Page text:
Furthermore, as Psalms reminds us, unbelievers are not “good people” or “nice people.” They may not be nearly as wicked as they could be, but they hate God and have rejected his authority. They shake their fist at God, if not literally (and some professors at liberal schools do profane God openly), then implicitly by refusing to submit their lives and actions to him. They laugh at God in their hearts and daily act as if there is no God.
Look at the professors. (Meet them, if possible.) Are they the kind of people you want your child to become like? Are they following Christ themselves? Or have they rejected the authority of God?
3. What part does culture play in education (biblically)?
In this case, we’re talking mainly about the college campus culture (though, depending on the situation, you may have to apply this principle to the culture of the living situation or city as well). Proverbs is full of admonitions to watch who we hang around. Paul reminds us that “bad company corrupts good morals.” What are the majority of the students like? What are the common practices (liturgies) of the college? What is the atmosphere at these common practices (such as sporting events, parties, etc)? Do they promote godliness?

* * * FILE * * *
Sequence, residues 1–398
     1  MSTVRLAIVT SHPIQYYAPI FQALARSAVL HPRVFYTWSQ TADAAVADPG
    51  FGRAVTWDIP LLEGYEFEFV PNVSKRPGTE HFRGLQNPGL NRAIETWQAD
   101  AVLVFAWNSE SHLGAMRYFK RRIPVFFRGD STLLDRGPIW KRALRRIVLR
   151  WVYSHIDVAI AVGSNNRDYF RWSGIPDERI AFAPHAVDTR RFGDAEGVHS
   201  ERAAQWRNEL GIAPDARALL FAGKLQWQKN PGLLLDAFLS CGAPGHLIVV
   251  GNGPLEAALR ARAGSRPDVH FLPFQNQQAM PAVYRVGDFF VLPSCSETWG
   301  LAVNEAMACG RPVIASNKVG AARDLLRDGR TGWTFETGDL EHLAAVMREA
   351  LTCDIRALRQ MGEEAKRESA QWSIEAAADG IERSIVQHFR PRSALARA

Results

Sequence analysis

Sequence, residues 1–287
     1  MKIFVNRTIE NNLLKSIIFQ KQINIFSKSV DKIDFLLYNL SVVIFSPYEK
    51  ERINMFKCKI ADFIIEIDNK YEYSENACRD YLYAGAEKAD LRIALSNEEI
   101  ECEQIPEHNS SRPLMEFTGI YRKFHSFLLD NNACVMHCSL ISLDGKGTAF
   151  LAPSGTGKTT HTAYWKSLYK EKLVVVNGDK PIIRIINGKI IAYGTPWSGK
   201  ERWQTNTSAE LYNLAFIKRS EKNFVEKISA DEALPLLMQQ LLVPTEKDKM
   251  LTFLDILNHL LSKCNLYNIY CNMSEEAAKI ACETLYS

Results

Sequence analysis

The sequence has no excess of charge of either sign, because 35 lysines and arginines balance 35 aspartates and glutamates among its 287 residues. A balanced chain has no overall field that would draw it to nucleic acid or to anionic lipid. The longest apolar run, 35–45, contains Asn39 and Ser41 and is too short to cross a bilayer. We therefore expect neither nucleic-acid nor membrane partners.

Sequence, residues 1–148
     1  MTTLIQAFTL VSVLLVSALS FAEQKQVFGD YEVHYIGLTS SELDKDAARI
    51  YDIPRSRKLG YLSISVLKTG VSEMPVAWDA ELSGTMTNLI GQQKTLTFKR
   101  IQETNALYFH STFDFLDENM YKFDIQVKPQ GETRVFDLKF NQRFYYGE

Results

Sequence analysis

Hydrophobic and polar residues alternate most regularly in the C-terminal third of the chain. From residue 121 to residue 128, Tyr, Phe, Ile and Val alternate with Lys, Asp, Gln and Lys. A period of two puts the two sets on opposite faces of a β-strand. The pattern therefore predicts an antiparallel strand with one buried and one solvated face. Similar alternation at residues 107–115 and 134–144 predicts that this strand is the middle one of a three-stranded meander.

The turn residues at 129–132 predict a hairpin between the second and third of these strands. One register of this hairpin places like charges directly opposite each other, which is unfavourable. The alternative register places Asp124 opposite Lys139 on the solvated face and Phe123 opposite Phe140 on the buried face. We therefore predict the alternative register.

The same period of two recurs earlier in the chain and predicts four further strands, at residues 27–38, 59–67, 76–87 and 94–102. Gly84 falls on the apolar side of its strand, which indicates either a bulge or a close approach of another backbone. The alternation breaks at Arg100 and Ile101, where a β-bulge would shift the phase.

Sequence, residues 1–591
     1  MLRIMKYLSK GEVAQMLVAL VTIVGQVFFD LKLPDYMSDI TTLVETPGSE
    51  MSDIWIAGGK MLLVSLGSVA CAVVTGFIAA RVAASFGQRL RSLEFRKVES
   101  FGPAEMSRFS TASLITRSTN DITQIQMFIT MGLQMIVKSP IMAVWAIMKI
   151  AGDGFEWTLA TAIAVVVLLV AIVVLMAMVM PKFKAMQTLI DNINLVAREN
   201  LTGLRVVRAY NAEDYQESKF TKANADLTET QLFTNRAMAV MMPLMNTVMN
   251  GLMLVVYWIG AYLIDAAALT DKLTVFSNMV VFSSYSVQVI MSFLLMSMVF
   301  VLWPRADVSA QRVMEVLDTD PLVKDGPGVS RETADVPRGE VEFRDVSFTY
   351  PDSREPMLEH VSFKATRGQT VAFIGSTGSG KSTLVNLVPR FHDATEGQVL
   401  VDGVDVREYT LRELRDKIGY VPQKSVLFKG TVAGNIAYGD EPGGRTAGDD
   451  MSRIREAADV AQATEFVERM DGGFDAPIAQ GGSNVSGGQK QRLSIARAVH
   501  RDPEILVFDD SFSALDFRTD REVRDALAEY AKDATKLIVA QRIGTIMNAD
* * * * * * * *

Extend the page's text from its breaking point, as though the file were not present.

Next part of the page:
Also, in accordance with the principles above regarding professors, unbelieving students also hate God and act in opposition to his authority. Whether or not they realize it fully, they are walking away from God. They’re not standing still and acting neutrally.
Don’t forget: Peers are teachers too. We learn from more than formal curriculum or paid professors. The “hidden curriculum” of the school culture may actually be of even stronger sway than the explicit curriculum.
Who do you want your children hanging around for four formative years? People growing in their Christlikeness and trying to honor God or people who are walking away from God? Evaluate the campus culture.
4. What is the curriculum?
In other words, what is being taught, and how is it being taught?
Look at the classes in a given major or program. Visit the classes if at all possible. Do the classes offer up good meat upon which your child can chew for years to come, or is the content pre-digested and watered-down? Are the professors boring, or will their excitement and expertise ignite a love for learning in your child? Will the classes challenge your child to become more wise, more Christlike, a more faithful witness in a dark world?